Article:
Topics discussed with Jim Mora on Critical Mass today were:
If you’re over fat you could be under slept: – the impact of sleep deprivation on weight gain.
The third and final debate between presidential hopefuls Barack Obama and Mitt Romney is being live streamed here.
The Auckland research disproved a view that the cheap cost of fatty and sugary food was driving an obesity epidemic.
But this latest research, presented at an obesity conference in Auckland last week, revealed there was no difference in the weekly spends between the most and least healthy eaters.
Auckland nutritionist Rebecca Whiting, who led the study, said a person’s ethnicity and salary can have more influence on shopping habits than pricing.
“There are a number of factors that drive consumption, and the cost of food is only one – and it may not be as important as we think.
“Habit, preference, meal planning, time, taste, and the desire for family harmony all contribute to the types of food families buy and the meals they prepare.”
Cost has been used as an excuse for junk diets and obesity but this research shows the issue is far more complex than that.
New growing sites may help save kiwifruit – Jamie Morton:
The Psa bacterium is here to stay so growers must manage it, says horticulture expert.
Kiwifruit growing regions outside the Bay of Plenty could soon play bigger parts in a $1 billion-a-year industry battling a bacterial scourge that is here to stay.
Professor Ian Warrington, co-president of the International Horticulture Congress, has suggested ways New Zealand could live with Psa-V, which has now spread as far as Hawkes Bay since its discovery in heartland Te Puke nearly two years ago. . .
Landcorp denies Crafar farms ale meddling – Andrea Fox:
Landcorp chief executive Chris Kelly says he’s getting fed up with suggestions that, as intended Crafar farms manager for Chinese purchaser Shanghai Pengxin, he is frustrating iwi efforts to buy two of the central North Island farms.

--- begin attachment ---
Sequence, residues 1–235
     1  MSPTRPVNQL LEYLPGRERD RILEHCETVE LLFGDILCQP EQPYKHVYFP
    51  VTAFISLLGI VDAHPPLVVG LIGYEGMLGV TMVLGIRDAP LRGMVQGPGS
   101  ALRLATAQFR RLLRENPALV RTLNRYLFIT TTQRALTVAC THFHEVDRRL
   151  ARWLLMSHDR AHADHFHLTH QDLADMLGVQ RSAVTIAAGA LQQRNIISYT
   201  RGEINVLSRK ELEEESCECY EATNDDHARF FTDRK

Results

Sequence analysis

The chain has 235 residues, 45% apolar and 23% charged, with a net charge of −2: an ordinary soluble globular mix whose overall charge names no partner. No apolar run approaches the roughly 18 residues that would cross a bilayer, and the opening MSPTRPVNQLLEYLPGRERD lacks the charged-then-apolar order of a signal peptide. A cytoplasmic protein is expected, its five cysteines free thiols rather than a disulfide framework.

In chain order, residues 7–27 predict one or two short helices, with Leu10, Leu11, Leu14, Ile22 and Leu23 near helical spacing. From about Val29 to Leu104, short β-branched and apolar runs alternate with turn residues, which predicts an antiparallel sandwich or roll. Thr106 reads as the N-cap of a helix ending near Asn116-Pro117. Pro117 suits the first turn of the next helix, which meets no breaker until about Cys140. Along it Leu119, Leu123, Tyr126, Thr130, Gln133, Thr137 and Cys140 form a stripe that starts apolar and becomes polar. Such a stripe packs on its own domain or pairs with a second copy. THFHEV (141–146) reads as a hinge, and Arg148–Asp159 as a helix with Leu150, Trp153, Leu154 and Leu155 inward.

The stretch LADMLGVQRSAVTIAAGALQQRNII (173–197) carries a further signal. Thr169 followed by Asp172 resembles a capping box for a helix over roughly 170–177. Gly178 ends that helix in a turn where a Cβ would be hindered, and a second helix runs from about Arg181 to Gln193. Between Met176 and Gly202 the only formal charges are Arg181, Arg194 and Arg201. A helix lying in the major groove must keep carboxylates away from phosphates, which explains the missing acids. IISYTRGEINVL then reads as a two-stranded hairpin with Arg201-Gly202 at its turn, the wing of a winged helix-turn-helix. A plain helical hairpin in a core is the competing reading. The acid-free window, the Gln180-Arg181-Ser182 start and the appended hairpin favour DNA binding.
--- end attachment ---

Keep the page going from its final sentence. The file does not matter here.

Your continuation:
The state-owned enterprise boss said he had heard the rumours and they were “simply not correct”.
However he said that as the two farms at Benneydale constituted a significant 25 per cent of the whole 16 farm Crafar estate package, personally, he would be asking Landcorp’s future Chinese partner to consider why it would want to sell them. . .
The Clutha Agricultural Development Board’s latest project, on the value of probiotics to calves in their first few weeks of life, is believed to be of national and possibly international importance.
The project involved about 300 calves on three farms in the Clutha district.
In New Zealand, only one limited study of the possible weight gain and health benefits to calves has been done previously, and the board was thought to be undertaking a “significant study of national and perhaps international importance”, the board said. . .
Future of sheep farming ‘not flash‘ – Sally Rae:
The potential for New Zealand’s primary sector is significant but the industry must get better at how it takes its products to markets, both individually and collectively, New Zealand Merino Company chief executive John Brakenridge tells Agribusiness reporter Sally Rae.
Imagine New Zealand without sheep and without a sheep industry.
That is a scenario New Zealand Merino Company chief executive John Brakenridge poses.